variations of ACSES or I-ETMS.
    1. ITCS is in operation on the Amtrak line between Chicago and Detroit, and is being
    considered for use on the Caltrain Line between San Francisco and San Jose. ITCS
    architecture is similar to the I-ETMS architecture.
    2. The European Train Control System (ETCS) is under consideration by the California
    High-Speed Rail Authority for high-speed operations between San Jose and Los
    Angeles. ETCS is similar to the ACSES architecture.

    1. Page 14 is the smoking gun: it shows US passenger PTC is fourteen times cheaper than ERTMS. Ahhhh, so that explains it!

      The part that I can't figure out is why at $138k/mile, CBOSS should cost any more than $138k x 50 miles = 6.9 million. The actual figure is $231 million, or thirty-three times higher.

      $231 million is the cost of US passenger PTC plus two ERTMS's thrown in for good measure.

      Clearly ERTMS is way too expensive, Q.E.D.

    2. Another gem from the FRA report to Congress:

      The scope, complexity, and difficulty of PTC interoperability exceed what was originally anticipated. Consequently, the adoption of these standards as railroad industry recommended practices and standards has not occurred. This has impacted the original ITC railroads and the industry as a whole. Without firm interoperability standards, preparation of contract documents to develop and implement PTC has been delayed. Therefore, the start of the acquisition process for many railroads has been delayed. In situations where the standards are available, they cannot be considered “final” as no interoperable PTC systems have previously been built. Therefore, the standards’ correctness and completeness cannot be evaluated.

    3. There are other interesting little gems, right there on page 14. ERTMS is deployed on 22,000 miles of track ( in round numbers ) US PTC will be installed on 60,000 miles. ERTMS is in 5700 vehicles. US PTC will be in 22,000. Hmmmmmmm.

    4. Another gem: " ERTMS deployed ... primarily on a passenger rail network compared to the more complex shared freight and passenger network in the United States.".

      If there's one things that characterizes the European rail network, it's got to be "not complex" and "not shared with freight".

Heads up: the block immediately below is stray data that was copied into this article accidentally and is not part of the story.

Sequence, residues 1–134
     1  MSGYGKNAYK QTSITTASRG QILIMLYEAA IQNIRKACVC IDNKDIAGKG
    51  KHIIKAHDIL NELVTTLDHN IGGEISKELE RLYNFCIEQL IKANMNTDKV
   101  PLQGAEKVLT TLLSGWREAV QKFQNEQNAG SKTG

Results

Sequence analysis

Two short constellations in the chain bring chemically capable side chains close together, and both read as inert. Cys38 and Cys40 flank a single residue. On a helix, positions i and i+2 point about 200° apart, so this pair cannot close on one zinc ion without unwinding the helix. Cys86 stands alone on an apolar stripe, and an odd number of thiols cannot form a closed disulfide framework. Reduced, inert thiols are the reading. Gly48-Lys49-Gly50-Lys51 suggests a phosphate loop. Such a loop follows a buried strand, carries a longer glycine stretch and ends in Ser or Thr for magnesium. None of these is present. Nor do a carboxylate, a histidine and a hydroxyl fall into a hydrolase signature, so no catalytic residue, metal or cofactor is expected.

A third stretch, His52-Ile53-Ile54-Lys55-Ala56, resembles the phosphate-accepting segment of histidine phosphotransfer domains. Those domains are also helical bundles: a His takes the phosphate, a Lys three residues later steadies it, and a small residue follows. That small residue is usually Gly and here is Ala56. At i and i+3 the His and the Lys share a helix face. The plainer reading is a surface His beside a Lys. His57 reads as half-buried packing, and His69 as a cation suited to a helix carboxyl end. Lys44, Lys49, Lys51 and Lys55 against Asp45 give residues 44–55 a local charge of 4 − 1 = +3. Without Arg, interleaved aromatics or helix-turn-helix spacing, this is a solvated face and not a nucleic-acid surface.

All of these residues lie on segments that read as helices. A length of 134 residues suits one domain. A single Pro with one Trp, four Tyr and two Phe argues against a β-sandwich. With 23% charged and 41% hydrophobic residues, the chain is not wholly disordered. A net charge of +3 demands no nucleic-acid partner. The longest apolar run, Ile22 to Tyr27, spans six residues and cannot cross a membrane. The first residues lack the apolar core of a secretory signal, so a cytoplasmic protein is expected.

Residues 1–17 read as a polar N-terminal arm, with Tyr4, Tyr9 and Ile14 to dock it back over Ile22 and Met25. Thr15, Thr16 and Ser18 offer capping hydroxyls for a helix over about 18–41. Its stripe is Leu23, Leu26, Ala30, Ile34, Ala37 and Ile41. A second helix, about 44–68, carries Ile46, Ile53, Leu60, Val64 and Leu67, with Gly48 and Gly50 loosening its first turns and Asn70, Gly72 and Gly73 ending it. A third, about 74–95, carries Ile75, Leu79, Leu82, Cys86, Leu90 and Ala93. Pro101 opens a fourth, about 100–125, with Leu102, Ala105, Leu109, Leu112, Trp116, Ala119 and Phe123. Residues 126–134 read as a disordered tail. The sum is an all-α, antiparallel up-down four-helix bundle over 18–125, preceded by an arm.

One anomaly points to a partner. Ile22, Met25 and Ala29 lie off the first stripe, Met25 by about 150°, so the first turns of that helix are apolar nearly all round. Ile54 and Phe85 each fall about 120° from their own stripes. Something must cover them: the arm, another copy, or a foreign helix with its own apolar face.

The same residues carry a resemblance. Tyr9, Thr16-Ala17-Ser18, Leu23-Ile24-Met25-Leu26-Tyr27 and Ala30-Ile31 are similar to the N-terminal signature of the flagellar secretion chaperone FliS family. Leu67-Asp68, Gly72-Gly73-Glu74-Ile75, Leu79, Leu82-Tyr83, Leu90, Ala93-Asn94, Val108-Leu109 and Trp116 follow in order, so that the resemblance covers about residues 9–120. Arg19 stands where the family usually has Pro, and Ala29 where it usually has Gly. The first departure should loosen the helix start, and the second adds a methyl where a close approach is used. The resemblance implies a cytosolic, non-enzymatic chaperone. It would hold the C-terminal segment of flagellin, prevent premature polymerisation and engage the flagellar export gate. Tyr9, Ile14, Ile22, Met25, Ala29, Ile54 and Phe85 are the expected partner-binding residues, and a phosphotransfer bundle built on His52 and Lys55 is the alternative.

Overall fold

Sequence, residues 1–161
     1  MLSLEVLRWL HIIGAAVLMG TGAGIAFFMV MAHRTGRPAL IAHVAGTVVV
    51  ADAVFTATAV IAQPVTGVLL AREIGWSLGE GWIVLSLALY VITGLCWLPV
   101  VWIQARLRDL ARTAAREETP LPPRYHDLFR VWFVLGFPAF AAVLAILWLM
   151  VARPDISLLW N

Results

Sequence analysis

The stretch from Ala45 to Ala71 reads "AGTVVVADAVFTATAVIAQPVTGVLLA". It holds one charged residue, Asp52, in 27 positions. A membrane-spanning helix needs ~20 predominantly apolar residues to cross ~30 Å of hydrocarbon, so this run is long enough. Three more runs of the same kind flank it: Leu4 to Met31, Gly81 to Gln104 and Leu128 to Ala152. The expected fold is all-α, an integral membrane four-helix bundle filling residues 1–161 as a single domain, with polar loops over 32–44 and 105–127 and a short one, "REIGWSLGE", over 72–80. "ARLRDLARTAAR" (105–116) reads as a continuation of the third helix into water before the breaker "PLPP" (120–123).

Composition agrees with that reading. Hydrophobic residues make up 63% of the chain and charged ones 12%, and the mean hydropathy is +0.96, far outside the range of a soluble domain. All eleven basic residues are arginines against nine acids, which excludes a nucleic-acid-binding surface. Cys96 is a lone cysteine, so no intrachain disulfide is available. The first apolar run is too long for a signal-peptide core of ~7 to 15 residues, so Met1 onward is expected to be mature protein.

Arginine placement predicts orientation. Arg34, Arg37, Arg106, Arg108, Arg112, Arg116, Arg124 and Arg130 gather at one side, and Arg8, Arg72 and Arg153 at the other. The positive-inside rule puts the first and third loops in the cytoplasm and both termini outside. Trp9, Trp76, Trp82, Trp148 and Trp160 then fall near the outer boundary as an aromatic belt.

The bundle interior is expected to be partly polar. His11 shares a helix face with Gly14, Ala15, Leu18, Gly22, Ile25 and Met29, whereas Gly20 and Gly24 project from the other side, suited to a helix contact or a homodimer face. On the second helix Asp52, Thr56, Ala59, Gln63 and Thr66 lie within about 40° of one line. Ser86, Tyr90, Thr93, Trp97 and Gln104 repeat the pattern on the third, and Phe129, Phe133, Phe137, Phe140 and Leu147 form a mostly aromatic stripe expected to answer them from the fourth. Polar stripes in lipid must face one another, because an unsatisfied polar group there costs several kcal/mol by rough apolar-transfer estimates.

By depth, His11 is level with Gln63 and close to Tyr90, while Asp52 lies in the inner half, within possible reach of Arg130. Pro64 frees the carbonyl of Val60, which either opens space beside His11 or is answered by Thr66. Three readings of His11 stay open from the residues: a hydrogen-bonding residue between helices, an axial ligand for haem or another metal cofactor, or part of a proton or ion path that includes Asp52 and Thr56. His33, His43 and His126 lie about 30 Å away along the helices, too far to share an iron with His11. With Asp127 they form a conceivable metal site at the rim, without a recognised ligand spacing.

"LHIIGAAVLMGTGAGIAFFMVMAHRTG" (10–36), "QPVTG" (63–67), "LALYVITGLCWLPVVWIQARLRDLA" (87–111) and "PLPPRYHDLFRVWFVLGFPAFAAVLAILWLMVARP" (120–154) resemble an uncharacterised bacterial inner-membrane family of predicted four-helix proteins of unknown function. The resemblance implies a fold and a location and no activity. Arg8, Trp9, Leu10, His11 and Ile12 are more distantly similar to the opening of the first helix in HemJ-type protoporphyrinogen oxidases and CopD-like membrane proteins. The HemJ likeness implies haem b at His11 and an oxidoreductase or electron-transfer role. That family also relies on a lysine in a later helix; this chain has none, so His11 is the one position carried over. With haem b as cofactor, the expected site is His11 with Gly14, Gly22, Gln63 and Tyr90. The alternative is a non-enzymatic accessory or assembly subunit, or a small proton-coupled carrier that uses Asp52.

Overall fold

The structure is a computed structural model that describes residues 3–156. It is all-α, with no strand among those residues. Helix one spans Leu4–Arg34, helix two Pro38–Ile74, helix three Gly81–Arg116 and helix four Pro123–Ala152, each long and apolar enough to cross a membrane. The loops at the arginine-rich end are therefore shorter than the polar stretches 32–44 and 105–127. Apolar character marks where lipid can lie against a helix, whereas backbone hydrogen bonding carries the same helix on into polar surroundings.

And where on the face of the earth did they get those $137k/mile and $$1.9M/mile numbers from? Impolite answers suggest themselves, yes, but where are the references?

      I don't think a corporate IT department, let alone a vital safety developer, can fart for $137k, let alone deploy a mile or anything.

      Mile of plain track? Density and complexity of interlockings? Train speed? Traffic density? Replacement of or co-existnence with prior systems? Co-existence with prior PTC systems? Replacement of or co-existence with existing dispatching and scheduling systems? Apples? Oranges? Imaginary?

      The fact that the ERTMS number appears to be a translation from UK pounds and km is fascinating, given the rudimentary amount of test-only ETCS/ERTMS deployed on the "American aircraft carrier anchored off Europe."

      The fact that the US PTC number comes from a three year old sales pierce from a consultant and can't reflect actual deployment costs of I-ETMS or any other system is also fascinating.

      Strange strange stuff.

      It's hard not to think that FRA's authors have little experience, aren't in contact with any foreign organization that has deployed PTC, haven't yet worked out how to use teh Googles, and basically are making this stuff up as they go along. Somebody got paid to write that?

      Good use of clip art from equipment manufacturer catalogs to pad out the piece, though. Fills out the page count nicely.

    5. I like what you did there, comparing future plans with proven track record, a sort of apples-and-seeds comparison. I wonder how the PTC deployed in 2012 in the US compares to the ERTMS that will be deployed in 2020, because that is just as fascinating as your comparison of PTC in 2020 with ERTMS in 2012.

    6. Well to listen the proponents of ERTMS it's going to have all sorts of off the shelf-ish oggly goodness with multiple vendors all in cut throat competition keeping prices down. Where's the competition going to be if there's 60,000 miles of whatever in North America and 15,000 miles of ERTMS in the rest of the world? ( ERTMS tripling between now and 2020 )

    7. I'm not sure where you get your facts and figures, but I will venture a guess that you have mixed up the number of ERTMS track-miles with the number of vehicles equipped (roughly 5,000 today). The number of ERTMS track-miles under contract is already past 40,000 today, not 5,000 as you imply.

    8. "Page 14 is the smoking gun: it shows US passenger PTC is fourteen times cheaper than ERTMS. Ahhhh, so that explains it!"

      I'm pretty sure it's all the balises in the European system. The 'legacy' systems were using all the track-broadcasting spectrum already. In the US the track-broadcasting spectrum was still largely available (it's needed to distinguish between nearby tracks when using GPS). Or in Amtrak's case, the track broadcasting spectrum was already being used for a system which provided most of the benefits of PTC; number of balises necessary was therefore much lower. Also, balise-based systems have a discontinuous character and are therefore painfully harder to make failsafe.